[Design is] the accelerator for the company car, the power train for sustainable profits: design drives innovation; innovation powers brand; brand builds loyalty; and loyalty sustains profits. If you want long-term profits, don’t start with technology, start with design.
The statement struck me quite hard because I love both technology and design. I had not given much thought as to which one takes precedence in driving business value.
Synchronicity. In this week’s RE:RnD Radio show, I ended up debating with Benn Rosales of AgentGenius about innovation in real estate. One of the sub-themes was that we had not seen true innovation in the real estate industry in a couple of years, ever since Web 2.0 exploded onto the scene with Trulia. (And I would argue before then with HousingMaps.com.) We discussed Roost‘s redesign, and I had dismissed it as “cosmetic changes” with no real fundamental innovation.
Perhaps I need to rethink that position.
Value of Design
- Millenials are willing to pay more for an appealing product design, whether it’s a car (67 %), furniture (60%) or a video game system (31%).
- They give serious thought to public spaces (66%), beauty and architecture (42%) when considering relocation to a new city.
Almost seven in ten respondents said that the last time they saw a product in a store that they “just had to have,” it was because of its design. In addition:
- A majority of those surveyed (55%) believe that good design can actually improve a product’s functionality while also making it look better.
That’s evidence of real value. And then there’s this:
In Great Britain, a recent survey commissioned by The Design Council found that 16% of British businesses say that design tops their list of key success factors. Among “rapidly growing” businesses, a whopping 47% rank it first.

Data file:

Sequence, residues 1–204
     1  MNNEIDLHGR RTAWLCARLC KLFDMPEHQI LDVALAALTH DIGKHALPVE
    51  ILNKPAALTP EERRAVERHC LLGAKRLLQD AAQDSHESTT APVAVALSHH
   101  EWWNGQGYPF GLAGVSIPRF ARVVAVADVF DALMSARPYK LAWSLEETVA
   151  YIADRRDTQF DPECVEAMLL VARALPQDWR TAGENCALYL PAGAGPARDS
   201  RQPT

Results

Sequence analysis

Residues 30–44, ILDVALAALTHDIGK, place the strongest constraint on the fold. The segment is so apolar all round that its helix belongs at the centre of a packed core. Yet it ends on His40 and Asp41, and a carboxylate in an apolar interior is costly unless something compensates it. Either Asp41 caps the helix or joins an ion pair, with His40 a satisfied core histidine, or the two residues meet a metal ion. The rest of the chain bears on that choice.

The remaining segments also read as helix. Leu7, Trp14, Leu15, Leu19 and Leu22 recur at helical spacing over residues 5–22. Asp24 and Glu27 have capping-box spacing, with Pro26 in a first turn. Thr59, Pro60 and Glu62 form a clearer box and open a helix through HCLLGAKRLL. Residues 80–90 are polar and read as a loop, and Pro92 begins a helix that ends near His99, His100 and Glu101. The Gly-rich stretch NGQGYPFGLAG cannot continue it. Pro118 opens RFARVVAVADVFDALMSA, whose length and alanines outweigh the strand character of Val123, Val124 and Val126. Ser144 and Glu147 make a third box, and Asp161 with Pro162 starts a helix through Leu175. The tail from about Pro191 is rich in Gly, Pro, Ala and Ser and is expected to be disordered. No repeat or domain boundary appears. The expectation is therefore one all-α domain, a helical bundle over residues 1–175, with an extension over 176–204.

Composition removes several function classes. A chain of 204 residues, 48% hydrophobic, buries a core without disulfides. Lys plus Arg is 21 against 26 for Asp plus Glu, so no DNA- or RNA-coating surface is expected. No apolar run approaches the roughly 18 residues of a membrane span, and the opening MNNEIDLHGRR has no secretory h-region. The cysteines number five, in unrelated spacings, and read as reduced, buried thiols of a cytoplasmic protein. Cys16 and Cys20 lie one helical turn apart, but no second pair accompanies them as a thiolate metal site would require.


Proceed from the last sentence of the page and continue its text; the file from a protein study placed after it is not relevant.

Some Apple consumers have a rabid love for all things Apple that would scare gamer fanboys. Why? Quite a few marketers love to talk about Apple’s innovative marketing campaigns. But I personally never found Apple’s marketing to be all that amazing. The iconic dancing iPod ad, for example, was cool… but it wasn’t the Sprint Twitter ad. What is, however, unquestionable is Apple’s prowess in design: industrial design, packaging design, graphic design, all design. The MacBook I now own is simply a thing of beauty.
Other companies or products that people simply love — whether fashion labels like Armani and Prada or cars like the Mini or Ferrari or appliances like Sub-Zero — have compelling design. More I consider it, more I believe that there is something to the notion that the ROI of good design is incredibly high.
But More than Technology?
It gets interesting, and perhaps a bit questionable, when one considers the claim that design provides more longterm value than technology does.
If the iPod were a truly crummy MP3 player, would people really love it as they do? If the MacBooks were clearly inferior from a core technology standpoint than non-Mac laptops — slower CPU, crappy DRAM, antiquated frontside bus speeds, horrid graphics, etc. — would people continue to be as passionate about them?
Is the success of Google, for example, based on its core technology or on the clean design of the interface? At the time Google first came out, it was the fastest and the most accurate search engine thanks to its authority algorithms. Its design — the single text search box on a white empty background — was also truly novel.
The counter example might be something like the NEC Packard Bell Z1 computer, which won the IDSA Excellence in Design Award in 2000. I bet you don’t even remember this machine. Or the 2002 Ford Thunderbird, which won the Excellence in Design Award, but got tepid reviews by car people:
We weren’t nearly as impressed with the transmission. Many editors noted a lack of smoothness during the 1-2 upshift and/or felt that most of the shifts were mushy. Editor Sessions wrote, “The tight torque converter makes lurch-free getaways difficult to achieve.” The ZF six-speed automatic currently used by Jaguar would mate to this engine and be a worthwhile upgrade.